The Control Test in the UK’s Sanctions Framework: Recent Developments

November 28, 2023

A key feature of the UK’s financial sanctions framework is that not only designated persons (listed on the UK’s Consolidated List) are subject to sanctions, but also entities that are ‘owned or controlled’ by designated persons, even if not themselves listed.

This alert memorandum discusses recent developments relating to the ‘control’ test and its application, including the Court of Appeal judgment in Mints & Ors v PJSC National Bank Trust & Anor (“Mints”, considered in detail in our firm’s dedicated alert memorandum, accessible here), the recent High Court judgment in Litasco SA v Der Mond Oil and Gas Africa SA & Anor (“Litasco”), and the “Ownership and Control: Public Officials and Control guidance” (the “Control Guidance”) issued jointly by HM Treasury’s Office of Financial Sanctions Implementation (“OFSI”) and the Foreign, Commonwealth and Development Office (the “FCDO”).

Key takeaways are:

  • OFSI/the FCDO do not automatically deem public sector entities controlled by public officials holding a leadership position in relation to that entity. As a matter of case law, however, where litigants can point towards evidence showing strong links between a public sector entity and sanctioned public officials, courts may find that sufficient control exists.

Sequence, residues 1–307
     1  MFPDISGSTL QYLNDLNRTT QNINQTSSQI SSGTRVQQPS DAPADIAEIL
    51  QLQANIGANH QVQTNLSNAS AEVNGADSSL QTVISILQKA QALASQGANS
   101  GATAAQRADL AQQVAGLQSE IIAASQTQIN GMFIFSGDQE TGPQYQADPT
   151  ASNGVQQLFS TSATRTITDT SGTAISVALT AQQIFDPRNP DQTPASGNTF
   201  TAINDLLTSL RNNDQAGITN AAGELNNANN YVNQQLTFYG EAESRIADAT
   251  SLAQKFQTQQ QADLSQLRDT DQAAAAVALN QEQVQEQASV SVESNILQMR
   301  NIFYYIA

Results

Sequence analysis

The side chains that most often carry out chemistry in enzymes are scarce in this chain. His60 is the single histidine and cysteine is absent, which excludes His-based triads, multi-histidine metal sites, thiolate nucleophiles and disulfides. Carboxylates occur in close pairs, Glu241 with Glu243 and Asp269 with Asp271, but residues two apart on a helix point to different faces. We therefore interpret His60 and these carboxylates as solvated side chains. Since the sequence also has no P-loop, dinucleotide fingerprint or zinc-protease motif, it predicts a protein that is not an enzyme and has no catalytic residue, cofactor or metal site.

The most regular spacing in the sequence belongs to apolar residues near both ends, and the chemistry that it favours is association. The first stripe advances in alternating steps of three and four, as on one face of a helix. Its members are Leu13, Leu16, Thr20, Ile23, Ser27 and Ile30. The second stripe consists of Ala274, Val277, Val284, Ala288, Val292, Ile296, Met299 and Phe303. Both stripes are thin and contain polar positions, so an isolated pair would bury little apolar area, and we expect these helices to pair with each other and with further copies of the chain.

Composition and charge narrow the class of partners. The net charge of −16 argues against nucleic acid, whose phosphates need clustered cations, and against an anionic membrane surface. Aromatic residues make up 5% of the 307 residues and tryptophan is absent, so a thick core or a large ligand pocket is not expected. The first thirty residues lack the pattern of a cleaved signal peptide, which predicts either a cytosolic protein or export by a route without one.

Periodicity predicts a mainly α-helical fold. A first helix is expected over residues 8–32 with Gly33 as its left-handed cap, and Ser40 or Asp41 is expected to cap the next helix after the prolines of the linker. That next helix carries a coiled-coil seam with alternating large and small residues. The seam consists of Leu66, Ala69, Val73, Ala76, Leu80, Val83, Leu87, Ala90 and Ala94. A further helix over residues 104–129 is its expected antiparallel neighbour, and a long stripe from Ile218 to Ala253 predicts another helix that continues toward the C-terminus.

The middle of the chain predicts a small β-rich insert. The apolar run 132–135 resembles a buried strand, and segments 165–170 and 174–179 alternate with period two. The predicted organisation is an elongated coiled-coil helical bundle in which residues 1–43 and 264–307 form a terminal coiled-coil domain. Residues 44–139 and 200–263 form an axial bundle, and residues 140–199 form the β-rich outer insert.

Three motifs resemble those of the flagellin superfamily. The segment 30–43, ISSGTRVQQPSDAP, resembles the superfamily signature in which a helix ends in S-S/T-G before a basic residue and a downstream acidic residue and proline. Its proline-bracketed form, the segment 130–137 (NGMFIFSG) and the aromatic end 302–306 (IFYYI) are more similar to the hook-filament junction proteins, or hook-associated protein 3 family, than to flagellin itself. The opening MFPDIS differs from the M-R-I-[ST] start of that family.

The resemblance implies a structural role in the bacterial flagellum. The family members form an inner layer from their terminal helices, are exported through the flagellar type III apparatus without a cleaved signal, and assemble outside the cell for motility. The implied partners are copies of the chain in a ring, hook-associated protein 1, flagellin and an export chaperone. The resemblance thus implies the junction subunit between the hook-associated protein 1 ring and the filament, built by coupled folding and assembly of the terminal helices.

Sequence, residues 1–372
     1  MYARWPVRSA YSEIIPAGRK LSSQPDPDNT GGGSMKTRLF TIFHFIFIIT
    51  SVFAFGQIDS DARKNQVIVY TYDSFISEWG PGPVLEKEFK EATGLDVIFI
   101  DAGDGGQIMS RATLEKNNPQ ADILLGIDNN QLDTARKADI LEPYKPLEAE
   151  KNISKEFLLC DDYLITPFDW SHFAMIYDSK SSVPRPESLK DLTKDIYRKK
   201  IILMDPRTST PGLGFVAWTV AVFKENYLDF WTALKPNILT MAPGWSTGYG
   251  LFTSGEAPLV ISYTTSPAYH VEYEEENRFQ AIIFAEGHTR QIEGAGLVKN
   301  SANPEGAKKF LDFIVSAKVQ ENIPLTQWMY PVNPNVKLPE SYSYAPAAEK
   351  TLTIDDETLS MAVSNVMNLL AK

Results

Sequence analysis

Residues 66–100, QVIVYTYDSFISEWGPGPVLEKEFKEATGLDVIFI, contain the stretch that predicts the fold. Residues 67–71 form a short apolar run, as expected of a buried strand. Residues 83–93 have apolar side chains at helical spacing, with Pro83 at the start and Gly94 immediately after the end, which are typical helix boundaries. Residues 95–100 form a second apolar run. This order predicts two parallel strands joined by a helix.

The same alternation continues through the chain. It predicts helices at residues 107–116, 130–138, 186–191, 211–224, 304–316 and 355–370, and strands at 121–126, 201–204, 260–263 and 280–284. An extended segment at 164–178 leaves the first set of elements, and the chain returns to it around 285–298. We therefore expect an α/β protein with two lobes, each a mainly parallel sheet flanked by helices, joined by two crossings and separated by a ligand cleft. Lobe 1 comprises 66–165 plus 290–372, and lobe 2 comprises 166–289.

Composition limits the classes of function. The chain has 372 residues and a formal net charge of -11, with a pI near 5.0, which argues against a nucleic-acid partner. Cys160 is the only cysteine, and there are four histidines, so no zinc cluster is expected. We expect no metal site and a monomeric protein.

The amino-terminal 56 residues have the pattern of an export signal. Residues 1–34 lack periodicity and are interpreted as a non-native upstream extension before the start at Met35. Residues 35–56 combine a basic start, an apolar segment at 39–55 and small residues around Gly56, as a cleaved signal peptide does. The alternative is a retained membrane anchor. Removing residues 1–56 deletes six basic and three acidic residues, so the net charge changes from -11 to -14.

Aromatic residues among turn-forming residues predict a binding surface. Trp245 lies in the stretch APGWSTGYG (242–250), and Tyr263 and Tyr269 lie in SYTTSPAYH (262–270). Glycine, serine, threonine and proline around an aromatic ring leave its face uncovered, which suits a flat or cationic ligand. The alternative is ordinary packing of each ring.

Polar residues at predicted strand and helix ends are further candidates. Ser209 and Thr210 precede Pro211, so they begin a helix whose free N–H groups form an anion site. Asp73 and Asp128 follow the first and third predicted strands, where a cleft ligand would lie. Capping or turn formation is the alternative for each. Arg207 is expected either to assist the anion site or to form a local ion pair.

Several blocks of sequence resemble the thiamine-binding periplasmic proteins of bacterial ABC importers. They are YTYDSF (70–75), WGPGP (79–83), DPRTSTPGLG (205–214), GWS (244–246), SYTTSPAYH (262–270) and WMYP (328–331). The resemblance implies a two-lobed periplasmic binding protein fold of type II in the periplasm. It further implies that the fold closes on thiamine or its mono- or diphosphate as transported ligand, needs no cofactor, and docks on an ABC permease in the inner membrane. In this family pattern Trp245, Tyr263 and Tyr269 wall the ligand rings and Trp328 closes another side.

• There is no presumption on the part of the UK government that a private entity is subject to the control of a designated public official simply because that entity is based or incorporated in a jurisdiction in which that official has a leading role in economic policy or decision-making. Whether a court would adopt the same position is somewhat uncertain, although, following Litasco, it may be that that is the case.
  • Ultimately, whether an entity is under the control of another person is subject to a case-by-case assessment, and it is advisable for counterparties of such entities to conduct appropriate due diligence. What levels of due diligence will be sufficient is, again, case specific, depending on the sanctions risk arising from the specific circumstances.

Please click here to read the full alert memorandum.

This alert memorandum was republished in the March 2024 issue of Thomson Reuters’ PLC Magazine.